For example, Parkland surpassed its goal for the number of its patients in six targeted zip codes who received high blood pressure screenings over the past three fiscal years. During those same years, though, it didn’t hit targets for the percentage of patients with diabetes from those zip codes who had “adequately controlled” blood pressure.

Hernandez noted the metrics Parkland established were for their patients, not the county as a whole.

“That will come,” she said. She argued that three years is a very short time when you’re trying to improve the health of the community.

“I would love to see where we are ten years from now. Because really, it sometimes takes a generation to really see some of those improvements when you talk about population health,” she said.

And the responsibility to improve the county’s overall health also lies with private hospitals — mostly located in the Northern half of the county — and the state of Texas. The state is one of only twelve which haven't expanded Medicaid.

“Medicaid expansion would put a quarter of a million of your neighbors here in Dallas County in coverage that currently don’t have it,” Dallas County Judge Clay Jenkins said last week, noting that the “vast majority” of those uninsured people have jobs.

Dallas County has the highest uninsured rate of Texas’ largest six counties.

Primary care

Treating chronic disease takes consistent monitoring, like the screening De La Sancha had at the community center. And a primary care provider — be it a doctor or other medical professional — is key to that monitoring.

“If you’re taking care of your car, getting it maintained, taking care of your apartment and your home, you can take care of yourself,” said Joyce Tapley, CEO of the federally funded Foremost Family Health Centers. “The best maintenance is going to a primary care doctor.”

At the Agape Clinic in Old East Dallas, which delivers primary care to people without insurance, medical assistant Guadalupe Delgadillo says the baseline health of her patients likely got worse during COVID-19.

“Because most of them, either they were too afraid to come here, or go to another clinic, or another place to get help due to the pandemic,” Delgadillo said. “They probably didn’t want to get COVID or something.”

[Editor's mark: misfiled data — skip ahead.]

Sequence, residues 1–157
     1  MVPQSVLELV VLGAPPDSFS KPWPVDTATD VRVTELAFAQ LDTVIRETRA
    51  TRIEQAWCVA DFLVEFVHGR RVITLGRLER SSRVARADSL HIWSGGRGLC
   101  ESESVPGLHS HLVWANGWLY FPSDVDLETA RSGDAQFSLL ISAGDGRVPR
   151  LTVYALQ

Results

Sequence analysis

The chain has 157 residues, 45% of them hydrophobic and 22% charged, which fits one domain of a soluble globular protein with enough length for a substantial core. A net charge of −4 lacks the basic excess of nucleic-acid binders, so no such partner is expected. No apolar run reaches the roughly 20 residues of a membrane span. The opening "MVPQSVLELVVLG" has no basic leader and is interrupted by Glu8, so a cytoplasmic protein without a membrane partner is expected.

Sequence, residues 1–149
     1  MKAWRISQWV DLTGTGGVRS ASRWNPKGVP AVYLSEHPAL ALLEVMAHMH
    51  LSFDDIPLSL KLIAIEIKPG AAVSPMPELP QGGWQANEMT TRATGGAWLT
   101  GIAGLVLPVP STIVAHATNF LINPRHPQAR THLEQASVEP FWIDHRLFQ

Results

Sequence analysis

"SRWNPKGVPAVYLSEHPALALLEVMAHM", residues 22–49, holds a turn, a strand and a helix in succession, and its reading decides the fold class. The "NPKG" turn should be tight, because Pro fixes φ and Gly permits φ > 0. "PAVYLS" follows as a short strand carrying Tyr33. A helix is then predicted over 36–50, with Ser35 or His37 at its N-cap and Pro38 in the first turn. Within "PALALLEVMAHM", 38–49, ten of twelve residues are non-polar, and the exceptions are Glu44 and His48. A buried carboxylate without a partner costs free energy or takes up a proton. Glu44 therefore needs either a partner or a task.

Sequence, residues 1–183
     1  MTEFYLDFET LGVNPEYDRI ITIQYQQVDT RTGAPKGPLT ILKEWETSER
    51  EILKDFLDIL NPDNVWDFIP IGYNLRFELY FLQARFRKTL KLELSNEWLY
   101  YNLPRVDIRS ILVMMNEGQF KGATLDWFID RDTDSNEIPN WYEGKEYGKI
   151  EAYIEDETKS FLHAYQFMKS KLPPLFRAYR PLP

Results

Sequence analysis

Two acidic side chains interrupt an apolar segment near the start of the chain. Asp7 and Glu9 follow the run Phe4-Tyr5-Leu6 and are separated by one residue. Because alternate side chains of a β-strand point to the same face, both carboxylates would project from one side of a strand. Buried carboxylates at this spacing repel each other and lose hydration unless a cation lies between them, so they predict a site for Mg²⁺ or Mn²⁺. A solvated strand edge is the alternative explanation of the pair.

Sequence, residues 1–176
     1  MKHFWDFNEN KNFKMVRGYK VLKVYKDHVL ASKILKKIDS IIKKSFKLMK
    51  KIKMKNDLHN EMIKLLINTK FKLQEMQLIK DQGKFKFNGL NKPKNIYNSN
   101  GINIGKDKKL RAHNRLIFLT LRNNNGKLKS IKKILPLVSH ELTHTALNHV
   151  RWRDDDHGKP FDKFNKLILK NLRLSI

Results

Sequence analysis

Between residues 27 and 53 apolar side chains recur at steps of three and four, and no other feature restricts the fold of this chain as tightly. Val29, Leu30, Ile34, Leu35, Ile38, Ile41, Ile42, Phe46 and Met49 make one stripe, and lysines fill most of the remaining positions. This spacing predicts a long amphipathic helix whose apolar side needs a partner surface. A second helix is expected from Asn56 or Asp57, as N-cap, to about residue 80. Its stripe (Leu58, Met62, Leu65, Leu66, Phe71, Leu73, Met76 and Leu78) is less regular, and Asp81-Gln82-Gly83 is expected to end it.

Parkland, which serves a much higher percentage of the county’s uninsured at its hospital than all hospitals in the county, opened two primary care clinics in recent years, in the Red Bird area and Jubilee Park.

Paul Hoffman
Bret Jaspers
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KERA
Paul Hoffmann, Executive Director of The Agape Clinic. He would like Parkland Hospital specialists to take referrals directly from primary care providers at his clinic.

But nonprofit, community-based clinics like Foremost and Agape would like to see Parkland work with them more closely to connect people with primary care and reduce inefficiencies.

Executive Director Paul Hoffmann notes the majority of Agape’s patients live in the zip codes Parkland identified as having high percentages of chronic diseases. To improve how people get the care they need, he wants his doctors to be able to refer directly to Parkland specialists.

“What’ll happen is, they end up repeating all of the preliminary primary care work that we do before they even refer to a specialist,” he said.

And Tapley said she’d like to see Parkland refer people who come to the emergency room to her primary care clinic if they don’t really need to be in the ER.

“I have asked them as part of my contribution to the discussion that we formalize and be more consistent with how they’re referring patients to the most appropriate place,” she said.

Those ideas are on the table, Hernandez said, although they are working on how to communicate any care plan a specialist might devise for a patient back to that primary care doctor.

“Certainly, duplication is not what we’re after,” she said.

This story has been edited since originally published to correct the spelling of Hoffmann and the title of Foremost Family Health Centers.

Got a tip? Email Bret Jaspers at bjaspers@kera.org. You can follow Bret on Twitter @bretjaspers.

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Bret Jaspers is a reporter for KERA. His stories have aired nationally on the BBC, NPR’s newsmagazines, and APM’s Marketplace. He collaborated on the series Cash Flows, which won a 2020 Sigma Delta Chi award for Radio Investigative Reporting. He's a member of Actors' Equity, the professional stage actors union.